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What To Look For In A Pre-Employment Test

What To Look For In A Pre-Employment Test

Updated June 9, 2021 Originally published January 06, 2016
Danny Sanchez, PT, CEAS


As a workers’ comp pro, you’re smart to recommend that your company implement post-offer employment testing (POET). But every pre-employment test is not created equal. When you know what to look for, you can help your company create the most valuable POET program.  

Above all else, your pre-employment test must comply with ADA and EEOC regulations:

  • You cannot administer the test until after you have made a formal job offer
  • Everyone in the same job category has to take the same test
  • You cannot use test results to violate ADA regulations
  • Personal medical histories must be separated from other employment records

You can meet these legal requirements and call it “good.” But why not create an assessment that’s truly great? Doing the bare minimum doesn’t fully support your company’s hiring efforts. And it doesn’t fully support your workers’ compensation program either. In today’s tough business environment, you need every advantage.

Look for These Elements in a Pre-Employment Test

Your test should be:

  • Job-related. The test must relate directly to the specific job. Otherwise, it will be irrelevant. Results may be accurate, but they won’t be valid or meaningful to the position.
  • Based on a task-specific job evaluation also known as a Job Demands Analysis. You want your physical demands analysis to be accurate. Therefore, you should conduct the analysis under real jobsite working conditions.
  • Standardized, unbiased test procedures. Everyone takes the same test, in the same way.

Your test should enable you to:

  • Confirm the person you want to hire is able to perform all physical demands and essential tasks in a safe manner.
  • Avoid hiring mistakes. One in ten candidates is not able to perform the work safely. Hiring the wrong person wastes everyone’s time. It also costs you money. It increases risk of future injuries and turnover, and it reduces worker productivity. Imagine improving each of these areas by 10%!
  • Create a “physical baseline” for each new employee. If they become injured later on, their doctor and physical therapist will have real measurements for comparison. They will also know if the employee had a pre-existing physical limitation that could affect their recovery.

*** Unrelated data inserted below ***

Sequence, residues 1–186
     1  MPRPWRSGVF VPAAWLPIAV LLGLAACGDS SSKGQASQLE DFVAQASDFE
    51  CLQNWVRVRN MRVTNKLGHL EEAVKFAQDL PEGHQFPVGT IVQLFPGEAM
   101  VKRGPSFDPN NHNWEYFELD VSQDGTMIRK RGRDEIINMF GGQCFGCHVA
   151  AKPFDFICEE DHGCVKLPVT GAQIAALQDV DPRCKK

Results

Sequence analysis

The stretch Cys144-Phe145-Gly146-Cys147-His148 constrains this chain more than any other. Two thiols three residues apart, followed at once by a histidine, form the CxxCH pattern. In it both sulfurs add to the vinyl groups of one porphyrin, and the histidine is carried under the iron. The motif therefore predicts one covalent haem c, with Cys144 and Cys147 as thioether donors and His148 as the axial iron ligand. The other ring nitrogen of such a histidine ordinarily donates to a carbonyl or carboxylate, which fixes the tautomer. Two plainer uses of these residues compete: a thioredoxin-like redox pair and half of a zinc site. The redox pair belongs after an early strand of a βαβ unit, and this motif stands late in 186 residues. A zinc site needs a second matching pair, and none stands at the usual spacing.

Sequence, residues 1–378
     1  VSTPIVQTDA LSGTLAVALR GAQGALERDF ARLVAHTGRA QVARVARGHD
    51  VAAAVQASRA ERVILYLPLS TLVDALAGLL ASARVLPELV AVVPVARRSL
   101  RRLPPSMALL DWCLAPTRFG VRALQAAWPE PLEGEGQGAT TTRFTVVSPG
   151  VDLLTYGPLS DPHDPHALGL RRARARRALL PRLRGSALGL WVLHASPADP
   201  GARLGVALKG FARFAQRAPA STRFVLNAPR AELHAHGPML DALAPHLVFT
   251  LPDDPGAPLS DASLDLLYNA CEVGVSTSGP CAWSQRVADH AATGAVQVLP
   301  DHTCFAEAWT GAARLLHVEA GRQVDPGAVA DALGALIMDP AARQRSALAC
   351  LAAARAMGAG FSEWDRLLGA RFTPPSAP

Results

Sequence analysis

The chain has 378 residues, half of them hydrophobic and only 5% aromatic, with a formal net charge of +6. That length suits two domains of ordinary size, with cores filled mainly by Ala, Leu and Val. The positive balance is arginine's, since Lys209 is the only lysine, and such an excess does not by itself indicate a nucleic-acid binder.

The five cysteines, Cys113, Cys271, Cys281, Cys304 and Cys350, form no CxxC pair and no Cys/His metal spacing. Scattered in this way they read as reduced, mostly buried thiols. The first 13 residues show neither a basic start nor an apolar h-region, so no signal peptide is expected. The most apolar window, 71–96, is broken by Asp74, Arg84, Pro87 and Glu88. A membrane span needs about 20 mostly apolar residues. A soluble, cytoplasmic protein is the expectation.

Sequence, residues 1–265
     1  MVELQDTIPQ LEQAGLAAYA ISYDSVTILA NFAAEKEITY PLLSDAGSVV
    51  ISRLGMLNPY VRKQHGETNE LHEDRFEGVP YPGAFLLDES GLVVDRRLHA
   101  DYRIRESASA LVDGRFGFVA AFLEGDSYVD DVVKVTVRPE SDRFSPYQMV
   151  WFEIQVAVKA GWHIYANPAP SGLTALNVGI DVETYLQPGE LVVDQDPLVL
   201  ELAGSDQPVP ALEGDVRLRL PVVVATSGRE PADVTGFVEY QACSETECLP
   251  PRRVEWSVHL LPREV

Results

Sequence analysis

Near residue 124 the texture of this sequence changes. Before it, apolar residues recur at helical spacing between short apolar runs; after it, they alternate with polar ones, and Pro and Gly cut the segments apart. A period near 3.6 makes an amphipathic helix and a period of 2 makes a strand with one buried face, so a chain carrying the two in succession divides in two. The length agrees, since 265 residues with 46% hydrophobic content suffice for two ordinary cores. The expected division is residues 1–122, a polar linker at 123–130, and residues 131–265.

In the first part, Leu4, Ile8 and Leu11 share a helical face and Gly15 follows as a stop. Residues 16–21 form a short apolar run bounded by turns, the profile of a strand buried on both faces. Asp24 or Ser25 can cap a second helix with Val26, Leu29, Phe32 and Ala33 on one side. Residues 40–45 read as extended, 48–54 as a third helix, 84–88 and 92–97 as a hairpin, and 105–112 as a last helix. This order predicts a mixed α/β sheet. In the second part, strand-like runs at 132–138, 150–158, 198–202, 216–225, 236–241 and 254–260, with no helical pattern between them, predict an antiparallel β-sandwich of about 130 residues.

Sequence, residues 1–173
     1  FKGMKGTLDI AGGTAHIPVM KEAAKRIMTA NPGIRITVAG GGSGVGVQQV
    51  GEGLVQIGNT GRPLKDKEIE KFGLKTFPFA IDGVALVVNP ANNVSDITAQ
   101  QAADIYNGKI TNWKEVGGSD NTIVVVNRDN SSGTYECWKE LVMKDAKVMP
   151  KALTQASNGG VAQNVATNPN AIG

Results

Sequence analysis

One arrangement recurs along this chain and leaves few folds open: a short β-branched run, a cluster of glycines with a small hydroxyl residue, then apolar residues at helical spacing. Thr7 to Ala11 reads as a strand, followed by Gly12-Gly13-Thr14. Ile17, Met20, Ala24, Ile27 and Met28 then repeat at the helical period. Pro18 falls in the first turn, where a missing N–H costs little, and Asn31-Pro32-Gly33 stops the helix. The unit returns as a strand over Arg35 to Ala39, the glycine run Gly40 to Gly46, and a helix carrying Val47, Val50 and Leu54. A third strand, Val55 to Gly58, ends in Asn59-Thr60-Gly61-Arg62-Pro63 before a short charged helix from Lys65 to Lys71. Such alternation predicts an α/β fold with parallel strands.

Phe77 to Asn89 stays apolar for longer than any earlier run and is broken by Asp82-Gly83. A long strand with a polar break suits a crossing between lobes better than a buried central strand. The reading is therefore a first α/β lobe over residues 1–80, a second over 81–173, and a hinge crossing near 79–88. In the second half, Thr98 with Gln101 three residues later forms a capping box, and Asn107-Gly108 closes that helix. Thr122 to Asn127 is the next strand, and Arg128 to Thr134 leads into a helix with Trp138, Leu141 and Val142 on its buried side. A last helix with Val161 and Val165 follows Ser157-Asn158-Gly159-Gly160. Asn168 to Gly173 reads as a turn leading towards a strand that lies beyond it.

• Develop accurate, realistic job descriptions. Candidates who clearly understand what a specific job entails are more likely to stick around. Doctors and physical therapists can also see exactly what the injured worker must be able to do. They can develop a more effective plan of care with realistic return-to-work goals.

Each of these bullet points represents an opportunity for your company. To make the most of each opportunity, you need to think strategically about your POET program. Job demands analysis conducted on-site identifies the exact physical and positional demands of the job

  • That job-specific analysis allows you to create an ADA-compliant employment test
  • Your assessment will include a combination of standardized physical tests as well as tests that emphasize job replication tasks

Too often, ergonomic assessments and job site analyses are based on general risk factors associated with a particular employee. Also, post offer tests are based on simulation of work tasks and do not replicate real-life work environments. Furthermore, baseline testing may be missing altogether. That further reduces the future value of the pre-employment test.

What Might Your Company Gain from a Top-Notch POET Program?

One On-Site Physio client conducted their own internal one-year pilot program. Here’s what they found:

  • Participating locations reduced workers’ comp claims by 30%. And they reduced incurred costs by 64%.
  • Non-participating locations had 8% more workers’ comp claims. And they incurred a 55% increase in costs.

Every company is different. But incorporating the right elements ensures your pre-employment test will be most effective. And it will be most cost-effective down the road.

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